Rongbot or Rightbot?

Whoever hated Transformers, may want to skip this post. Not that I intend to decrease my almost-minimal readership, but lets just say that I'm hitting upon a subculture here.

Robots is a new London-based artist collective specializing in site specific public art. Their gigantic sculptures are composed of really just trash. Reclaimed and recycled wood, old furniture people throw away – really taking the phrase, “one man’s trash is another man’s treasure” to heart. The core team consists of three full time artists and then a peripheral team of around ten sculptors, artists, set builders and art directors. 

"The aesthetic of our sculptures are heavily determined by the resources available and our material choices are completely sustainable in a time when resources and finances need to be considered. The sculptures also inform and teach about recycling of materials. All sculptures are site specific, whether this be in the middle of a field or hanging from the side of a building. Each piece is considered and designed to interact and complement its environment. We strive to make our sculptures interactive to their audience promoting appreciation through a number of different ways. Whether it be through, light, sound or actual physical interaction making the final sculptures thought provoking and unique."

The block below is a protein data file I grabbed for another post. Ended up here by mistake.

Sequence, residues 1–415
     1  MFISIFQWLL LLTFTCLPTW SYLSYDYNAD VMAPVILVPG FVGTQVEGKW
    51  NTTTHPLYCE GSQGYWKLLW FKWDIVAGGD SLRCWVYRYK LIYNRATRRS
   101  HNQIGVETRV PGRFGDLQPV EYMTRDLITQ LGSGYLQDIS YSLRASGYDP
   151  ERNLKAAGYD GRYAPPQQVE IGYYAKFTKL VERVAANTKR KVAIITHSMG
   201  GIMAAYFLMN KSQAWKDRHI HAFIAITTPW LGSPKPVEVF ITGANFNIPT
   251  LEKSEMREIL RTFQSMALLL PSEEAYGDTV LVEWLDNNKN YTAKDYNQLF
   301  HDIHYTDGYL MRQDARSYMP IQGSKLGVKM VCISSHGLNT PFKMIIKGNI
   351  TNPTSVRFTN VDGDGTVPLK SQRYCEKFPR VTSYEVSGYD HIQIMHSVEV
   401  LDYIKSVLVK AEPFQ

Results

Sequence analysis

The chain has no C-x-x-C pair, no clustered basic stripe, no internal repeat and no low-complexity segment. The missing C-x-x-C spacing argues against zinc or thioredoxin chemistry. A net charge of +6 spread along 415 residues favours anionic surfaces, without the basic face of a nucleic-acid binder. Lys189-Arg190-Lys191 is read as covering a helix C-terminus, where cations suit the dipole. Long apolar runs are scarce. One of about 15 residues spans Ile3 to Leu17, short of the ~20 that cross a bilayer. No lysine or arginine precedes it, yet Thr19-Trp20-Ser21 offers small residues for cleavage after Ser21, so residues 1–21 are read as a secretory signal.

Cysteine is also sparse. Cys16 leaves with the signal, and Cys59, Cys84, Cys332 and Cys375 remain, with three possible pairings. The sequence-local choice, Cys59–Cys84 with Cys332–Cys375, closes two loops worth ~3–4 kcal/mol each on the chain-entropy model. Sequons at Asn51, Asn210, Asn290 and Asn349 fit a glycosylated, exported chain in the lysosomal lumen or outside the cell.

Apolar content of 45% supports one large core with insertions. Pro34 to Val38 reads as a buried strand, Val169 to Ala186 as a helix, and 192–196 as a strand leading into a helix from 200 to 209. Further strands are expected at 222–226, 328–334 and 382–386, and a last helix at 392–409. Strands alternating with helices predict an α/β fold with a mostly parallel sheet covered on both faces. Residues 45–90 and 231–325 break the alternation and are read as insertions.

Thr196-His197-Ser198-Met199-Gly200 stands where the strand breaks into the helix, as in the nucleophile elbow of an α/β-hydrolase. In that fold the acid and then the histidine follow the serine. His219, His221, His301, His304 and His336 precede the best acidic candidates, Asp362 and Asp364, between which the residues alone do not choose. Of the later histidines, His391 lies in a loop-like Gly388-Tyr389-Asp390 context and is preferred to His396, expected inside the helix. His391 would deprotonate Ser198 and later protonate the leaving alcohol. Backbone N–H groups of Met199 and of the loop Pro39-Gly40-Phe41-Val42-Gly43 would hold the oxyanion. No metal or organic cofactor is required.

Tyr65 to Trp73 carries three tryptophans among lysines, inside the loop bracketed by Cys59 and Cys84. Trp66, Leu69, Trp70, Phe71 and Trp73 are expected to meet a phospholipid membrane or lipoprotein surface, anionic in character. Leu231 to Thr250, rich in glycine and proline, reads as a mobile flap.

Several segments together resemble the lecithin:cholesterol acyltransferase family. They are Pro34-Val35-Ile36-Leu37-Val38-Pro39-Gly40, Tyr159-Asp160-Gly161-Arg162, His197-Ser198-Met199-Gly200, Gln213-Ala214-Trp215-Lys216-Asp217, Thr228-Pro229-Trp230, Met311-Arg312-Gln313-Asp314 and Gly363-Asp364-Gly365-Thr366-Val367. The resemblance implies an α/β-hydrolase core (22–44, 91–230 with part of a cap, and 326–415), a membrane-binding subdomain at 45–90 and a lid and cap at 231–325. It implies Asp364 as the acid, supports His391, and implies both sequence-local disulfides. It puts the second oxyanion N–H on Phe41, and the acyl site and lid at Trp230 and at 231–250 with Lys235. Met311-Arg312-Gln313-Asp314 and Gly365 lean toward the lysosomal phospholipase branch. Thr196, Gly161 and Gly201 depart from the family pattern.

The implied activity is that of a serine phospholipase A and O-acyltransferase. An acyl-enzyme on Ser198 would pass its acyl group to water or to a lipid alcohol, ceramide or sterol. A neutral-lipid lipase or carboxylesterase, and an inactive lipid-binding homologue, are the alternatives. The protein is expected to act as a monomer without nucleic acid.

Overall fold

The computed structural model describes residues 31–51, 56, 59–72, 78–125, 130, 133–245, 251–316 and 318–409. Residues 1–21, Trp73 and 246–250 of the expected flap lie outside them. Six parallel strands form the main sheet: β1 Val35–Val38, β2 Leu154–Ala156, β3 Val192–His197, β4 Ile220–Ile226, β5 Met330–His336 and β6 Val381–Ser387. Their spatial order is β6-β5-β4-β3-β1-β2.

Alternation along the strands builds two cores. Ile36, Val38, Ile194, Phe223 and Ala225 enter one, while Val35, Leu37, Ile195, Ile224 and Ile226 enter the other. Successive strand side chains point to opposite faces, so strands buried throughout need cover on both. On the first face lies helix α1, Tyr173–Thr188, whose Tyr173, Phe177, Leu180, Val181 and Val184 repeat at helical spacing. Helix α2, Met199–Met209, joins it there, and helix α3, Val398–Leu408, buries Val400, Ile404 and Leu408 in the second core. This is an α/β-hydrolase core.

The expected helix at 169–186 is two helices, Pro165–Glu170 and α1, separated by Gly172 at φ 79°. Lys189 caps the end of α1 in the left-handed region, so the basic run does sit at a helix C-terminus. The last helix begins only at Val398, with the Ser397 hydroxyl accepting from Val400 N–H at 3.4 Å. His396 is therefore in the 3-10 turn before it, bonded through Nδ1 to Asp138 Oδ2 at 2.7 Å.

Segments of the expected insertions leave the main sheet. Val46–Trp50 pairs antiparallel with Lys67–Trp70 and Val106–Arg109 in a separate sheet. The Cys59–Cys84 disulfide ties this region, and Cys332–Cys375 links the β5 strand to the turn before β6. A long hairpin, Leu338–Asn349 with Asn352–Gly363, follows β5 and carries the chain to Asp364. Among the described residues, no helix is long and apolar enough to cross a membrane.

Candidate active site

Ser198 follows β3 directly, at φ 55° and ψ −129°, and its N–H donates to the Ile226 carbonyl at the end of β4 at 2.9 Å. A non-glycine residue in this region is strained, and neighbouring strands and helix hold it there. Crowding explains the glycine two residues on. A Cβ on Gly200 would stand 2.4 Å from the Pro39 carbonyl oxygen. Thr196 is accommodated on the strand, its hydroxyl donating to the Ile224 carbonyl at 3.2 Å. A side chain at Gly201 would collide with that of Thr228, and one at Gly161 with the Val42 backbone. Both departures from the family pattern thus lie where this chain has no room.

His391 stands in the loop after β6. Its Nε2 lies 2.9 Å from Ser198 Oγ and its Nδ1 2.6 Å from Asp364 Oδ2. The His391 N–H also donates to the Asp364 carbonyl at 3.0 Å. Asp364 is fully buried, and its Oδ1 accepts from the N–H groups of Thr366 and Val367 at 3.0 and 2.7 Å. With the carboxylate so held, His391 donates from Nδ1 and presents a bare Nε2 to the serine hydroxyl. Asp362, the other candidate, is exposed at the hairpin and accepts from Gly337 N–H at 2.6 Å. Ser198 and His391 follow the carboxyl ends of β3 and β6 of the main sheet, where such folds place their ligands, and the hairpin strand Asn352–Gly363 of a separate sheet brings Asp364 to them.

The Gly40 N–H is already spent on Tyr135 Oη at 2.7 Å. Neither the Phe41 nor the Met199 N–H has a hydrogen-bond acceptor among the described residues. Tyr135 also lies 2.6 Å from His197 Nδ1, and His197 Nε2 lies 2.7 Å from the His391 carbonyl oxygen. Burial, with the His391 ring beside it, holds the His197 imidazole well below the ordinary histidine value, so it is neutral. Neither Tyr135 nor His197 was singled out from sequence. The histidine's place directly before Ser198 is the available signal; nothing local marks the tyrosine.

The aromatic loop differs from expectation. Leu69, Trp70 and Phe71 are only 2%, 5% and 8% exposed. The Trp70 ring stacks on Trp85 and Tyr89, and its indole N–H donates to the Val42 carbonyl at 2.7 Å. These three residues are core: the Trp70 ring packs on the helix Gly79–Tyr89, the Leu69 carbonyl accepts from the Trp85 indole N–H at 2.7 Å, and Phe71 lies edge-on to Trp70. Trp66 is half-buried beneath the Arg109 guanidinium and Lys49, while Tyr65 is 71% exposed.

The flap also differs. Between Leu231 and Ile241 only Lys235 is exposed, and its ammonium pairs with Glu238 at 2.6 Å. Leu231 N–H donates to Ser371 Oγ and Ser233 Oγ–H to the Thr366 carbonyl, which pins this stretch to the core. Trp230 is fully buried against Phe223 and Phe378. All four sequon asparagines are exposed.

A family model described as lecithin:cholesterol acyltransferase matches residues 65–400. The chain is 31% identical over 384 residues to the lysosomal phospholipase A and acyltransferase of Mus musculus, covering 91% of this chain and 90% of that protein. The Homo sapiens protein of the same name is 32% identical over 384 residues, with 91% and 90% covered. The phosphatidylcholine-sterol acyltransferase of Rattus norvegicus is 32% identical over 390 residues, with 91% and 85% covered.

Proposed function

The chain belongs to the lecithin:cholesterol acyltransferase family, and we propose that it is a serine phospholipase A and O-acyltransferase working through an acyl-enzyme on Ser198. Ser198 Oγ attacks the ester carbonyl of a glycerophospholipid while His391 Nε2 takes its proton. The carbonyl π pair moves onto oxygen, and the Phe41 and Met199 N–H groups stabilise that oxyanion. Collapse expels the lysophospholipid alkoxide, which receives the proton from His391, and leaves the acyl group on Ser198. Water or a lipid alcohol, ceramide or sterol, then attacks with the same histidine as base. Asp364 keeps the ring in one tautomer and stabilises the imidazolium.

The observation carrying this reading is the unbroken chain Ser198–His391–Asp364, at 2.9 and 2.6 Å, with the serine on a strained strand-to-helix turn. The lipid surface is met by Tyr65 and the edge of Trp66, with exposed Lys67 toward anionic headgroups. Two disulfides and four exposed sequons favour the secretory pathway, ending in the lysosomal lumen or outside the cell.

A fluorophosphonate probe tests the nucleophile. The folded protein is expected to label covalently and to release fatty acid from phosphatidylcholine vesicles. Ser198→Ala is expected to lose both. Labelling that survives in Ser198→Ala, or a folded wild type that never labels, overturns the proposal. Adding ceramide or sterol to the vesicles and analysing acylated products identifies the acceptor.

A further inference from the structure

As an art collective they have worked consistently over the past three years on public and private commissions as well as self funded projects and gallery shows, in London, Belfast, New York, Quito (Ecuador) as well as various sites around the UK. 



The NewYork Times even featured these artists with reference to a very interesting incident:

Perched high above an industrial stretch of East Williamsburg, a menacing robot nine feet high and seven feet wide surveys the street below, watching cars steal past graffitied factory buildings as if they were prey. Its fierce head sways and dips when a wooden rudder protruding from the back of its neck catches the breeze.



This is the Brooklyn Griffin. It almost never was. The two men, who make art under the names of Jimmy Bumble and Leonard White - part of the Giant Robots art collective,ran into legal trouble two weeks ago when they were caught building the wooden structure atop a building. They were arrested at the owner's request and charged with criminal trespassing. 

What happened next? For that you HAVE to read the NY Times article and check out their brilliant website at-
http://cityroom.blogs.nytimes.com/2010/09/05/the-brooklyn-griffin-finds-a-perch/
http://www.giantrobots.co.uk/

Autobot signs off.